Shin summarises KTO’s approach to spreading MICE across the peninsula: “We’re working hard to ensure that regions other than Seoul are getting the spotlight as MICE destinations by providing regional dedicated tour programs and support funds.”

Dedicated to development

To increase the MICE appeal of South Korea’s regions, the country has dedicated time and resources to improving and upscaling its venues. Here, no stone has been left unturned as convention centres, hotels, conference spaces and incentive offerings have been reimagined.

“In Seoul, which has hosted 600 business events since the beginning of 2022, we have over 400 hotels and 70,000 rooms to accommodate delegates,” Shin explains.

“There are over 70 luxury hotels which are four-to-five star, including historical and modern hotels run by artificial intelligence.”

The MICE scene of Korea’s metropolitan areas leans into its wide variety of accommodation. Shin says that the KTO works to pair event attendees with hotels and venues which best suit their event: “We are excited that hotels work alongside the centres to welcome MICE visitors.”

“Our support schemes work very closely with convention bureaus to attract more business events to Korea. When we work with them, we can provide the information and support they need – especially as organisers are looking for different types of support following Covid-19.”

More programmes like this are in development, which will match organisers with the ideal venues and incentives for their events.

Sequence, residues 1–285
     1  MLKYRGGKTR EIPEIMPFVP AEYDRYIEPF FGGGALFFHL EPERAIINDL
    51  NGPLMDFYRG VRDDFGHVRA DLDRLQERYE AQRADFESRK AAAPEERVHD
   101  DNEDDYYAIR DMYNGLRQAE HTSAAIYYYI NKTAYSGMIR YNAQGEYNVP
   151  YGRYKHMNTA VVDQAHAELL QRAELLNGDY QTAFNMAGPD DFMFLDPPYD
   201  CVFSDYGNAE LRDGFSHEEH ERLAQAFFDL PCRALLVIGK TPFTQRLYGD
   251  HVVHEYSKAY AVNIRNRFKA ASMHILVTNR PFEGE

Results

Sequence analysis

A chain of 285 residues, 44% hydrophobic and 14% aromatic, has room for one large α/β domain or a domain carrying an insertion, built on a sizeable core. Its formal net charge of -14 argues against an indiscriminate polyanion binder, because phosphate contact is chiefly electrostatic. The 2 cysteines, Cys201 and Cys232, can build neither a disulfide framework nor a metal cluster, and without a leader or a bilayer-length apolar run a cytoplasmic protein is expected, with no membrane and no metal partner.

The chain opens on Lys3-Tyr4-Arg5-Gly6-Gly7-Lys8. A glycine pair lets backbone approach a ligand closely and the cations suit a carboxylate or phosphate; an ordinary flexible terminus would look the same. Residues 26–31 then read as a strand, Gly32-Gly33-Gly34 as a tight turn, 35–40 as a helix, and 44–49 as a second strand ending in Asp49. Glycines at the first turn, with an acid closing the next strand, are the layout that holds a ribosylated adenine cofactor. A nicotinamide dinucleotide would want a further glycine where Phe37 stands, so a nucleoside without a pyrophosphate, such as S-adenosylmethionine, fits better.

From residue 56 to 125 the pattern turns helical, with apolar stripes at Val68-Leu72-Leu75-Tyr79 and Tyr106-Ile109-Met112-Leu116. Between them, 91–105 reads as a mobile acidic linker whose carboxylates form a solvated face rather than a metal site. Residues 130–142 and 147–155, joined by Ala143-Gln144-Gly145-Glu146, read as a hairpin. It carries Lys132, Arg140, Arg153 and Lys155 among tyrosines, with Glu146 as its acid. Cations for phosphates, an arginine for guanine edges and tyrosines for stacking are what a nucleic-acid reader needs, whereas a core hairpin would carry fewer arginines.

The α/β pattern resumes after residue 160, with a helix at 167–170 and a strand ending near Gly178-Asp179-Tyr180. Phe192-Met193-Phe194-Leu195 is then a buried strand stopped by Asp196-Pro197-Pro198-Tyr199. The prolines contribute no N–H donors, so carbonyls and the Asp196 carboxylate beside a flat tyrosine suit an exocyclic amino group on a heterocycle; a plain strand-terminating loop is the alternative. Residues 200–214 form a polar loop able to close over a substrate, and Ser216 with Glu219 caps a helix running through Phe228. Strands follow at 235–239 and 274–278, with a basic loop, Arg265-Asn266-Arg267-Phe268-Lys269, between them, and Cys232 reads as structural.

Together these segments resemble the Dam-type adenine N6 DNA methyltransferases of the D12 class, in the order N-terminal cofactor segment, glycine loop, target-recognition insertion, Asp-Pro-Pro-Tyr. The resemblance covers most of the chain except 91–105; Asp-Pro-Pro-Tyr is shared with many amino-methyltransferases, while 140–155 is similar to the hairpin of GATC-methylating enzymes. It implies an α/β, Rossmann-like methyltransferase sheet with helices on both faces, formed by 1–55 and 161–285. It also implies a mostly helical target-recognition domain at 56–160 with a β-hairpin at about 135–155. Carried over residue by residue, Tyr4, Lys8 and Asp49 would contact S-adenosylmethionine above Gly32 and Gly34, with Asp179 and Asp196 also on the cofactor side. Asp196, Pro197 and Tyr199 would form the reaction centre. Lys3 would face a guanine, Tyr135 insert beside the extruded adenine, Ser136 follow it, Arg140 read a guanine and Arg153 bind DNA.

Working alongside Korea’s national associations has also been key to revitalising the country’s MICE sector, as KTO has been encouraging them to host events alongside international associations. This has been a hands-on process for KTO, who are involved in both the bidding and hosting stages of events in the country.

“We have a lot of great feedback from international associations,” Shin comments. “For these events, we have a funding association that we are looking to grow even bigger.”

Maximising on tech

Reimagining Korea’s MICE venues stretches further than brick-and-mortar. As the first country in the world to roll out a nationwide 5G network, hybrid events are close to their heart.

South Korea is maximising on its pre-existing IT infrastructure to corner the post-pandemic hybrid market: “Due to the recent pandemic, a lot of visitors will be considering what an event’s safety will be like. We really want delegates and organisers to feel that, when they visit Korea for a MICE event, there is no country which is safer. To that end, we are really focusing on the hybrid side in our support schemes.”

KTO’s interest in event-tech doesn’t stop at hybrid. Korea’s MICE sector has been investing in ‘engaging technology’ such as holograms, AI, and VR, according to Shin.

Reopening the borders

The constant flux of travel restrictions has been an added challenge to revitalising South Korea’s MICE industry.

Pre-pandemic, 21 flights per week were arriving at Incheon airport from London across several airlines. Now, only seven flights are operating on the same route. However, fewer flights are only one side of this challenge’s coin.

Although there is no mandatory quarantine period, travellers are required to take an arrival test and isolate until the results come through. Visitors are also made aware that while wearing masks outdoors is no longer required, by law they must be worn inside.

Restrictions both in South Korea and worldwide are prone to changing quickly and unexpectedly; this has been a wrench in KTO’s long-term planning: “Our developments really depend on the travel restrictions, because planning month-by-month is currently very unpredictable,” Shin says.

“Despite that, South Korea has great infrastructure to recoup our MICE industry’s losses.”